ABC’s Nightline has returned to its old timeslot with a larger audience after late local news (instead of after Jimmy Kimmel Live). On Wednesday’s show, co-host Byron Pitts ended an interview with Vice President Mike Pence by asking him “not in a political way,” but whether he “talk[s] to God” about feeling remorse for Americans who have died “because of steps the federal government did not take soon enough.”
So here we had a journalist ask the Vice President if he prays to the Lord with a heart of repentance for having been responsible for dead Americans. Surely, Chuck Todd would be proud of that question.
Here’s Pitts full question and Pence’s response:
PITTS: Mr. Vice President I have a final question for you. I — and I ask this not in a political way, but for you, sir, like so many of us in our nation, are you a person of deep faith. No one doubts that. When you talk to God in your moments alone, do you find yourself worrying at all that people you represent and care deeply about have died and will die who did not need to because of steps the federal government did not take soon enough?
PENCE: Well, thank you for mentioning that we are talking about one American at a time and I promise you, that’s the way President Trump thinks of this, it’s the way I think of it. We wanted the American people to see the numbers so that we understand the challenging days that lie ahead, but I want people to know that our future is in your hands, that if every one of us will do and put into practice the Guidelines for America that we can bring those numbers down. I — I really do believe we’ll get through this and we’ll come out stronger than ever before.
We should note that Pitts is a devout Christian. For example, he said this to Poynter in 2009 while promoting his book Step Out on Nothing: How Faith and Family Helped Me Conquer Life’s Challenges: “I believe that I am a Child of God and that his son, Jesus Christ, died for my sins so that I might live. My faith certainly shapes my life and thus shapes my work.”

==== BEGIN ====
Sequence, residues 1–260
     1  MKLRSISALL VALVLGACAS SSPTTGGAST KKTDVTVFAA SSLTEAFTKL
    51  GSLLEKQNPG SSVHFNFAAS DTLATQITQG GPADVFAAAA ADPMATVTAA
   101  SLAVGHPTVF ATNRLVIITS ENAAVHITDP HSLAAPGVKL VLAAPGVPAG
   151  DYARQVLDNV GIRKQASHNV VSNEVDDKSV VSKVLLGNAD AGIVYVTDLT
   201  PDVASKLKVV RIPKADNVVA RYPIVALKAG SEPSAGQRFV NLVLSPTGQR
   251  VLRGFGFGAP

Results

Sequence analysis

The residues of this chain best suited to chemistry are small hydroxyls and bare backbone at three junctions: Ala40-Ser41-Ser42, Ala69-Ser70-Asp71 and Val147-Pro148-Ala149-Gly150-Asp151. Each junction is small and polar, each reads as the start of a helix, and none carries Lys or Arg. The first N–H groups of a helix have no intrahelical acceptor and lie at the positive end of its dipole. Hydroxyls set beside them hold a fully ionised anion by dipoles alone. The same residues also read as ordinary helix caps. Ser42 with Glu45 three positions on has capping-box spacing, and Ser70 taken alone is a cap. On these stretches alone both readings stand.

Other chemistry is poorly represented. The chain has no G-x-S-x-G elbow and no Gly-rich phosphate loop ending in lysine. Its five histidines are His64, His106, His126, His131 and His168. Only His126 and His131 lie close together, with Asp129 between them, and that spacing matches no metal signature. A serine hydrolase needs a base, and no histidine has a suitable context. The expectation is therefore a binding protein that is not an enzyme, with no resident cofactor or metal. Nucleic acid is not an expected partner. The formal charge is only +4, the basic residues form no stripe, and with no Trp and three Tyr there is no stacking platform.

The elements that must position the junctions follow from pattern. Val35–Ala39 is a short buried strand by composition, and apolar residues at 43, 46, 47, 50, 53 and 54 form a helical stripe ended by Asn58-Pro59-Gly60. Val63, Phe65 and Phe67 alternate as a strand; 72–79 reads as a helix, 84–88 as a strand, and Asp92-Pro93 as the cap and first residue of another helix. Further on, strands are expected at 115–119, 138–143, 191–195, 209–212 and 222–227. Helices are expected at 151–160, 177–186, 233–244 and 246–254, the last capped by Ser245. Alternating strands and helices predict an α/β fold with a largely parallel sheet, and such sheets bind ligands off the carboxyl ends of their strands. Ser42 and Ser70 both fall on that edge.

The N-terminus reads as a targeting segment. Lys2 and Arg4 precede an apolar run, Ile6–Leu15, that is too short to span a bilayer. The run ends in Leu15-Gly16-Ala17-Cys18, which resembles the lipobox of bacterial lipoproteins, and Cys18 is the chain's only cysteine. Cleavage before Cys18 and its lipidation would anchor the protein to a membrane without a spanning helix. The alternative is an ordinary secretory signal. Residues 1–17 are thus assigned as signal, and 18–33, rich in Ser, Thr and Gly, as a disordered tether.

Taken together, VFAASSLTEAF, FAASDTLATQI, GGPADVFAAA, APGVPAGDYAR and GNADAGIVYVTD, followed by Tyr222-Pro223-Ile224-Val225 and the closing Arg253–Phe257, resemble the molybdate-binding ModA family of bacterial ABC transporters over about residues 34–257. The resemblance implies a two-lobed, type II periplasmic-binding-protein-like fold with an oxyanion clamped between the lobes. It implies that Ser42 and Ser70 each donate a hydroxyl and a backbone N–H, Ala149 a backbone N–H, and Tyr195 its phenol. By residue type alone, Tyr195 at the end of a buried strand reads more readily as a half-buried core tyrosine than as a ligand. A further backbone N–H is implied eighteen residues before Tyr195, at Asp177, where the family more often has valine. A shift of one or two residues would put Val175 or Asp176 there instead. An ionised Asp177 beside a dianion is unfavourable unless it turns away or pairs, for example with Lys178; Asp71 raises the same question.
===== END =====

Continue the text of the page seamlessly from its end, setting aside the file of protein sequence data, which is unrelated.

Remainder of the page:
Faith aside, another question of note was the second one when Pitts noted that “you and your team have talked a lot about the importance of social distancing,” but then wondered “why not mandate it nationally?”
As news outlet after news outlet has noted, well over 90 percent of Americans are under stay-at-home orders by state and local officials, which include calls for social distancing. Pitts was perhaps referring to a national stay-at-home order. And if he were looking for social distancing measures to be made more than guidelines, the question would then be how law enforcement would go about enforcing it.
And finally, here was Pitts’s fourth question, which dealt with calls from medical professionals for more equipment to properly do their jobs:
Vice President Pence, bridge this gap for me if you would. You and the President have insisted that resources are available by the thousands for states who need them. But yet, governors, Republicans and Democrats, say they don’t have what they need. On our air every single night, sir, we have doctors, nurses, foot soldiers on the ground who, with tears in their eyes, say they don’t have what they need. How do you explain that discrepancy?